The 505th Command and Control Wing has a unique history dating back to the establishment of the 505th Aircraft Control and Warning Group (ACWG) on 2 May 1947. Stationed at McChord Field (later Air Force Base), Washington, the group was activated under the Air Defense Command becoming the first post-World War II air control and warning unit. For the remainder of 1947 the group supported two radar stations, one at Arlington, Washington, and one at Half Moon Bay near San Francisco, California. These stations worked with fighter squadrons to perfect ground-control and interception techniques. The group included a fleet of B-25 Mitchells used extensively to perform radar calibration flights. The experience gained from operating the two sites proved invaluable to air defense planners who were in the process of designing a nationwide early warning radar network.

As tensions increased between the US and the USSR, the importance of the 505th mission grew. In September 1949, the group no longer operated B-25’s yet they remained focused on early warning systems, supporting detachments up and down the Pacific Northwest coast. The group provided early warning operating radar systems including the AN/TPS-1. With a growing movement to assign homeland defense to reserve units, the 505 ACWG inactivated on 6 February 1952. However, this would not mark the end of the 505th. The Air Force would revive the unit and its expertise with radars 13 years later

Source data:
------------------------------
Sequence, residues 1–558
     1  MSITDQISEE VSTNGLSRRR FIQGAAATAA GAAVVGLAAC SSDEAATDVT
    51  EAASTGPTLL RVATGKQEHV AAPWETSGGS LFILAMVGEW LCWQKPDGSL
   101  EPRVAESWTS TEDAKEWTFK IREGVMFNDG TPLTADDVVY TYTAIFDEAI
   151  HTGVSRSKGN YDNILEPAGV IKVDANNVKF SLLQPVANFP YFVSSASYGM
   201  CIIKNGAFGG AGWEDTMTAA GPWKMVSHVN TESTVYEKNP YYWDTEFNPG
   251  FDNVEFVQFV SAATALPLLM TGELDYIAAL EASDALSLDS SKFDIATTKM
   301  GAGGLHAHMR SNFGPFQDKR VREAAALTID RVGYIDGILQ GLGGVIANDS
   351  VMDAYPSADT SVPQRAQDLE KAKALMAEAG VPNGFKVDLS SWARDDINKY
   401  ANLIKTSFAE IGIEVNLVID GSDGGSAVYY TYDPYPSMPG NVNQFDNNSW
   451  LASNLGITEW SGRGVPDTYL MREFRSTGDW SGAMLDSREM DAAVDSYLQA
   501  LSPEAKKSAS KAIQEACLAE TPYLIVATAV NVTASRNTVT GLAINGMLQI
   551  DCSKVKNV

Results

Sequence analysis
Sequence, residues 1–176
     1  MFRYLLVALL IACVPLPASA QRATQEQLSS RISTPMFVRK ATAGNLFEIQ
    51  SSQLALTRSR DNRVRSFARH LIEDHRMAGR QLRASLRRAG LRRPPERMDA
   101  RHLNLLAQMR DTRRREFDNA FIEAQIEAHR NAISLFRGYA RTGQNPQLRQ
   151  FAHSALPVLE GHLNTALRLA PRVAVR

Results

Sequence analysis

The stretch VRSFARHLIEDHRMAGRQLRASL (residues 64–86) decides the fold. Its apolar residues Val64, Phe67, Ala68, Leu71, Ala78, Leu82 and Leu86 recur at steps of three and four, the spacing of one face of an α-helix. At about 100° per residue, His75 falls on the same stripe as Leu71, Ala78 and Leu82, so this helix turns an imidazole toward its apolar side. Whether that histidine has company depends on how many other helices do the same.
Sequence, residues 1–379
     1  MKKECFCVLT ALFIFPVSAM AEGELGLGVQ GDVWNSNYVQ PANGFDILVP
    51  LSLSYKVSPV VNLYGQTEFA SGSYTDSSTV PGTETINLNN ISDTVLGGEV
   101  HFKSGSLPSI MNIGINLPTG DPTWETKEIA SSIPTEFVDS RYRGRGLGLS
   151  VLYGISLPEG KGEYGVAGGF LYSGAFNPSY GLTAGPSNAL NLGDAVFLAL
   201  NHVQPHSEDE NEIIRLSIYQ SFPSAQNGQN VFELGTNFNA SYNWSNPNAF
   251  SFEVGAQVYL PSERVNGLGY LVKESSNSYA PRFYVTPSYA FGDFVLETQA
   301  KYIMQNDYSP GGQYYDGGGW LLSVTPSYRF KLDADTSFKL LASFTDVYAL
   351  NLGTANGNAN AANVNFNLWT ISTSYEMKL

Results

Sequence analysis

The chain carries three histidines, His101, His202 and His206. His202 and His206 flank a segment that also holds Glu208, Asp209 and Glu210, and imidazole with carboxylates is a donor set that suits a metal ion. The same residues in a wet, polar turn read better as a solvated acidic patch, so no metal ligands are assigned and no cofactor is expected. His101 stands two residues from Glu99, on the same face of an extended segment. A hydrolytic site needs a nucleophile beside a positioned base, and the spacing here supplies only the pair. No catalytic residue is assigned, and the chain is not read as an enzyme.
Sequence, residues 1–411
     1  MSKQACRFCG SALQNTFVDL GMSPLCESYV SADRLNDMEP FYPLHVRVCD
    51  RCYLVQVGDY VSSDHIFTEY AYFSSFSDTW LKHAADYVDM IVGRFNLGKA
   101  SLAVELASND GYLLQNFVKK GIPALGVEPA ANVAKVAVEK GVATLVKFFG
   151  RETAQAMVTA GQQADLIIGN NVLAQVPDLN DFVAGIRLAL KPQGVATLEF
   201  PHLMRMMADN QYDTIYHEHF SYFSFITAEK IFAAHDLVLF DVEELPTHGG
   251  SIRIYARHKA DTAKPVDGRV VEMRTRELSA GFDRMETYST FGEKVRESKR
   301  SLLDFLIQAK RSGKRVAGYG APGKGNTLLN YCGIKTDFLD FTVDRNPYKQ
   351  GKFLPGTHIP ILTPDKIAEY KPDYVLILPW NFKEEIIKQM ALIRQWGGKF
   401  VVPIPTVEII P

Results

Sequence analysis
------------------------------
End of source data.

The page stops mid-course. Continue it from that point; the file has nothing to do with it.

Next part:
Southeast Asia

On 2 November 1965, the 505 ACWG was re-activated as the 505th Tactical Control Group (TCG). Replacing the 6250th Tactical Air Support Group that activated three months earlier, 505 TCG called Tan Son Nhut Air Base in South Vietnam home. The 505th was responsible to provide Command and Control (C2), for the Tactical Control System in Southeast Asia (SEA). This mission included the operation of numerous radar sites throughout South Vietnam and Thailand from 1965 to 1973. In addition to the radar sites, the group managed O-1 Bird Dogs assigned to five squadrons from late 1965 through 1966. These O-1 units included the 19th, 20th, 21st, 22nd and 23d Tactical Air Support Squadrons operating from various bases throughout SEA. Forward Air Controllers (FACs) flew the “Bird Dogs” to find and mark enemy activity, direct air strikes and perform battle damage assessment. Initially assigned to the 2d Air Division in Vietnam, the 505th re-aligned under the Seventh Air Force on 1 April 1966. Soon afterward, the 505th received approval for its emblem and official motto - “Search and Direct.” The group eventually lost its flying squadrons but the radar mission grew. The 505th distinguished itself as the only unit to furnish all of SEA an electronics ground environment system for aircraft control and warning and radar services. After eight years of service in Vietnam the group earned thirteen campaign streamers and five Air Force Outstanding Unit Awards with Combat “V” devices. With the end of the war in 1973 came the unit’s inactivation.